Currency Note

Interest rate debate to continue to fuel sterling’s roller-coaster ride

By Smart Currency July 3rd, 2017

Interest Rate

It was a bit of a crazy week last week. Contrasting comments coming from the Bank of England and the European Central Bank relating to a potential interest rate hike and/or a reduction in their programmes of quantitative easing later this year inevitably led to some significant movements in the pound.

The outcome of the week was the euro continued to move sideways, while the pound made solid gains against the US dollar for seven trading days straight. At one stage sterling broke through the key psychological barrier of $1.30.

Clarity is required and we may get some form the UK as the minutes of the most recent BoE meeting are released on Tuesday. This is the meeting when three out of the eight members voted for an increase in interest rates.

Our currency specialist Charlie Davies has put together a piece that explains the importance of working capital and how it can be funded. Have a read and let us know your thoughts!

GBP: key PMI figures to be released this week

It’s been yet another roller-coaster week for the UK and the British pound. The pound rallied strongly against the euro, US dollar and other currencies after BoE Governor Mark Carney suggested interest rates could rise if business investment grows during the latter part of the week.

The chart below tracks the movement of sterling against the US dollar for the month of June and makes for fascinating viewing.

From To


GBP/EUR failed to finish the week above the €1.1400 level. The pair traded within 2% from highs of €1.140 to lows of €1.126.

GBP/USD traded within a 3% range last week with lows at $1.2703 and highs of $1.3030. Friday saw current account data from the UK come in at -16.9B which was an improvement against the forecast figure of -17.2B.

Looking to the week ahead, we have the release of some key data which could bring influence to bear on sterling.

We have the release of manufacturing, construction and services purchasing manager indices on Monday, Tuesday and Wednesday respectively of this week which are expected to be steady.

Also on Tuesday we have the release of the last BoE meeting minutes which will be very carefully scrutinised given the conflicting statements from senior member of the BoE team and the closeness of the vote – five to three voted in favour keeping interest rates on hold – at the most recent meeting which was totally unexpected.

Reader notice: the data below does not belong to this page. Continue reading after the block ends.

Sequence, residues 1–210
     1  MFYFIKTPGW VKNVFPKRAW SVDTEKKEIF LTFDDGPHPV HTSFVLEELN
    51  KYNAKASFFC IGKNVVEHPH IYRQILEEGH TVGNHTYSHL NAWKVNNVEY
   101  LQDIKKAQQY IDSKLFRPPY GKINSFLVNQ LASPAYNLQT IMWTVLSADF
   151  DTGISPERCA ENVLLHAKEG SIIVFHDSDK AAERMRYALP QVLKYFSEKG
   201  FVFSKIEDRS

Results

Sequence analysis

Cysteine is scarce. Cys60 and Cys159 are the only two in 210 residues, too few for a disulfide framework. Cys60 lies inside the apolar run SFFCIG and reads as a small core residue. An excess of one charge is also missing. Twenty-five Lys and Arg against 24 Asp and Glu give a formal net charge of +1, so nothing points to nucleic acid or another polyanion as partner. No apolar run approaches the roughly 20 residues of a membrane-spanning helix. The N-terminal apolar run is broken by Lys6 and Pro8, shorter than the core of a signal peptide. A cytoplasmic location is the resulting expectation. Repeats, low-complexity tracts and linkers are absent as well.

Later on in the week we have the release of manufacturing production data.

EUR: euro set back by lowered expectations of change in monetary policy

The euro started last week at a one-week high against the US dollar after weaker-than-expected US May durable goods orders data fuelled doubts about the US economy. This also led to speculation surrounding the Federal Reserve’s aggressive rate increase outlook and the possibility that the eurozone could be matching or even bettering it. This eased after Draghi’s remarks that policy-makers had not discussed scaling back its massive bond-buying programme. He reinforced this by stating that super low rates create jobs, foster growth and benefit borrowers, ultimately easing inequality.

Friday also saw unemployment in Germany, the eurozone’s largest economy, rising by 7,000 to 2.547 million in June. It was the first increase since March last year compared with the consensus forecast by economists of a 10,000 decline. However, as predicted, the unemployment rate was steady at 5.7%.

A hugely busy week on the data front for the eurozone with key PMI, employment and retail data being released. The eurozone has been enjoying a flow or positive data, hence the questioning over a possible reduction in their programme of quantitative easing or increase in interest rates. If these figures show some slippage from expectations the euro could be undermined.

USD: dollar’s worst quarter for several years

The dollar is set for its worst quarter in nearly seven years after multiple central banks hinted towards changes in monetary policy, adding further pressure on the currency.

Looking to the week ahead, June employment figures take centre stage. Non-farm payrolls have slowed down of late, to an average of 120,000. June however, is forecast to rise to a level of 180,000. However, the sharp slowdown in previous months has not stopped the unemployment rate falling to a 16-year low of 4.3%, which is expected to remain stable for the month of June.

Again, we’ll find out from the minutes of the last Fed meeting, which are released on Wednesday, what the Fed’s view on the US economy is and the likelihood of another interest rate increase. This is currently a key focus for all investors amid concerns over the data falling short of their targets.

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